Google Inc (NASDAQ:GOOG) (NASDAQ:GOOGL) needs to cut it out already. The search engine giant, famous for its wacky, hair-brained projects like driverless cars, hot-air balloons bringing internet to the world, and hoverboards is progressing to the next stage of its Google Glass project.
Google Glass, the digital smartglasses that can record video, display maps, and conduct web searches, is “graduating” from Google[x] labs, the division of the company responsible for overseeing zany ideas.
Really GOOG? You’re gonna split Fadell’s time between a forward-looking company he founded with amazing prospects and a convoluted commercial failure plagued by privacy concerns and no coolness factor?
Just quit it with Google Glass and let Fadell focus on Nest. The writing on the wall could not be clearer.
How and Why GOOGL is Misallocating Resources
First, a quick rundown of the problems facing Google Glass:
- Privacy concerns: the ability to sneakily record video while going about everyday life in public is a slippery slope. No one wants to constantly worry about whether someone is snooping on them while eating a burrito.
- High price point: The Google Glass Explorer Edition, which GOOG will quit selling on Jan. 19, costs $1,500.
- Coolness factor: Namely, there is none.
- Developer shortfall: According to a November Reuters story discussing the fading popularity of the device, nine of 16 Google Glass app developers Reuters spoke to had abandoned their efforts. Twitter Inc (NASDAQ:TWTR) was the party with the highest profile to leave the platform.
- Withdrawal symptoms?: One member of the U.S. Navy who used the product regularly began wearing them 18 hours a day, and told doctors the withdrawals he had after he stopped using the device were worse than those he suffered after undergoing rehab for alcoholism.
Those are not insignificant problems. On the other hand, let’s take a look at Nest, the smarthome company founded by Fadell. (GOOG acquired Nest for $3.2 billion in 2014). What does that venture look like?
- A year ago, Morgan Stanley estimated Nest’s annual revenue at $300 million.
- The smarthome industry is projected to be a $71 billion area by 2018, and Nest is a first-mover.
- At the 2015 Consumer Electronics Show, Nest revealed a host of things that are compatible with the system, including services that automatically cool down your house when you leave or sleep, forward calls from your landline to your cell, and quiet your washer and dryer when you come home.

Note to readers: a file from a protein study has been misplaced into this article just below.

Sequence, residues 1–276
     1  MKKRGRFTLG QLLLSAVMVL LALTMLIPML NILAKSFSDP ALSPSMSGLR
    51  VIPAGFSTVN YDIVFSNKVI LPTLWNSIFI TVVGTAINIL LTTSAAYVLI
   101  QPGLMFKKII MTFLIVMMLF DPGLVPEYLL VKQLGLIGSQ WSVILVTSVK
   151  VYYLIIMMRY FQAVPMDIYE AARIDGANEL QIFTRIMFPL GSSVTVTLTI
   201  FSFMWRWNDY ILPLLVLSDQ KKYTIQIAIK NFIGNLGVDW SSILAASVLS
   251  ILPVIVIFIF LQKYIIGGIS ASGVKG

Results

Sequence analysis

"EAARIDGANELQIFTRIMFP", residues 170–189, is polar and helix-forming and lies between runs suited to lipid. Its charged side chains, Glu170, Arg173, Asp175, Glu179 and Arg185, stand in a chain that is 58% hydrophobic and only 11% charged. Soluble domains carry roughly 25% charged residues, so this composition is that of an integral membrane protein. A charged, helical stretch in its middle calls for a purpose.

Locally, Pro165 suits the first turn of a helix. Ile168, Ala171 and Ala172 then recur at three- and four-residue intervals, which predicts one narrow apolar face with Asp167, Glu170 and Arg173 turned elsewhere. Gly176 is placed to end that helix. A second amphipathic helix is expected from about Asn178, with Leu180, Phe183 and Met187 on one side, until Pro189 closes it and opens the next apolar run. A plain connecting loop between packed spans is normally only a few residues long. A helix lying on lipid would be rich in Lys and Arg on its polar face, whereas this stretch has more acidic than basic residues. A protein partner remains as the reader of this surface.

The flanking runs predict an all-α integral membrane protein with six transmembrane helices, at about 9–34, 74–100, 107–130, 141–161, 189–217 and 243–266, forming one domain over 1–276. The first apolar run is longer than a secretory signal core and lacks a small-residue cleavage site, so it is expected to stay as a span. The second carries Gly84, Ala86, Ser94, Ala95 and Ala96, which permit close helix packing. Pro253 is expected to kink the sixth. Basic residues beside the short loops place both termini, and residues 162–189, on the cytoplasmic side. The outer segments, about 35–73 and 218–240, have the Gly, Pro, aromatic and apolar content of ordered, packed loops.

- Nest has garnered five-star CNET ratings. Aesthetics, a simple install and the fact that consumers can save money over time as the Nest thermostat learns your cooling preferences are all cited in the review.
It’s not hard to tell which one of these two projects has the most promise. So, why, GOOG, are you taking Tony Fadell’s precious time away — time when he could be working on his baby — and forcing that beautiful mind to work on such a flawed product? I can think of only one reason: pride.
Sergey Brin, Google’s co-founder, initially presented Google Glass at a euphoric presentation in which a skydiver jumps from a plane and lands atop a building before a slew of Glass-donning mountain bikers bound around rooftops and repel to the street before making their way inside to the stage, where Brin stands expectantly.
Nearly two-and-a-half years later the project was in tatters, and Brin had still not given up on the project, despite developing a tendency to leave his Google Glass in the car instead of donning them in public.
Please, Google, no one — especially GOOG shareholders, who will likely never see Glass move the needle on the stock price — wants you to devote more resources to this product. And if handing off the project to Fadell takes his eye off of Nest and delays innovations in smarthome technology? The opportunity cost could be enormous.
As of this writing, John Divine was long shares of GOOG stock, GOOGL stock and AAPL stock. You can follow him on Twitter at @divinebizkid.
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